Council plans to build 500,000 homes thwarted by government
A plan with potential to build more than 500,000 new homes over thirty years has been undermined by successive government policies, a report published by the Chartered Institute of Public Finance and Accountancy (CIPFA) and the Chartered Institute of Housing (CIH), claimed today.
The report, 'Investing in council housing: The impact on HRA business plans', examines the 2012 'self-financing settlement' that put in place a robust long-term plan for council house building. The settlement encouraged councils to take on £13bn extra debt to finance building against the promise of future rental income. However, successive policy changes have cut rental income so that today, just 45,000 new homes are expected, no more than were planned before the settlement was made.
Rob Whiteman, CIPFA Chief Executive, said:
"The situation is desperate. Families across the country will not get the homes they need because the Government keeps on tinkering with housing policy without properly thinking it through. At best, successive governments have turned a blind eye to the consequences of inconsistent housing policy, at worst they have deliberately set out to undermine local authorities' best laid plans.
"By reducing rents to soften the blow of welfare cuts, the Government has choked the revenue streams that were meant to fund new house building. Robbing Peter to pay Paul. At the same time, the Right to Buy policy has led to assets being sold off, further reducing the ability to councils to finance new homes.
“As the economic consequences of Brexit bite, there is now an even stronger case for the kind of house building programme we haven't seen since the days of Harold Macmillan. We need urgent action to reset the self-financing settlement, with assurances that its foundations won't be pulled away the moment government attention turns to something else."
Terrie Alafat, chief executive of the Chartered Institute of Housing, said:
“If the government is to achieve its aim of building one million homes over the next five years then it must ensure that all parts of the housing industry are building new homes, and not rely solely on the private sector. In 2012, with the introduction of the self-financing deal, local authorities looked to have excellent opportunities to contribute to the numbers of homes we need.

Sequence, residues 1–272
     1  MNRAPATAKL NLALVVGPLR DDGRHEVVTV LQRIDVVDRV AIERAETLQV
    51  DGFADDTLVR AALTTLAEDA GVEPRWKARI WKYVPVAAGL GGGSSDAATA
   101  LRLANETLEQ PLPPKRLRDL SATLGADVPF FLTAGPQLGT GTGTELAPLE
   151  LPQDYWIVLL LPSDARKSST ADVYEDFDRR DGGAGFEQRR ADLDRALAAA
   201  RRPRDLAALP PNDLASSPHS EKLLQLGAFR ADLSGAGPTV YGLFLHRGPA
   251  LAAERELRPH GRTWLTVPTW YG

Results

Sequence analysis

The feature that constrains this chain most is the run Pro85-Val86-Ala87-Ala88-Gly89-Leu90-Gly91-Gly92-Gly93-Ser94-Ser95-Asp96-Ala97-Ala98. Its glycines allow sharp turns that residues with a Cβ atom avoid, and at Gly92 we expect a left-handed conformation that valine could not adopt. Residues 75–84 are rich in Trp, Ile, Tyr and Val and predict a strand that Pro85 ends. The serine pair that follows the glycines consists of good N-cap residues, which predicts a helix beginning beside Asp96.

“But just four years later, significant policy change has hampered this ability, notably the reduction to the rents that local authorities can charge. The report we’re launching today, shows that the effect on the ability of local authorities to invest is dramatic, at the current rate many will struggle to maintain their current rates of house building, let alone raise it. CIH and CIPFA are urging government to look again at the policy decisions which have undermined the 2012 settlement, and consider offering councils a new deal over their rents and borrowing, in return for a commitment to increase the numbers of homes they build.”
The report makes a series of recommendations to government and to councils to get council house building back on track.
CIH and CIPFA recommend that government:
- review policy impacts on councils finances and act to restore their investment potential;
- moderate the remaining three years of planned HRA rent reductions;
- review the next-stages of welfare, particularly measures that would mitigate the impact of universal credit, such as direct payments to landlords;
- compensate councils on high value asset sales by allowing them to invest receipts to generate future income streams; and
- offer stock-holding councils a refreshed deal with flexible borrowing caps.
The Institutes also recommend that councils:
- urgently review their HRA business plans; and
- consider what commitments could be made to the Government to improve housing supply.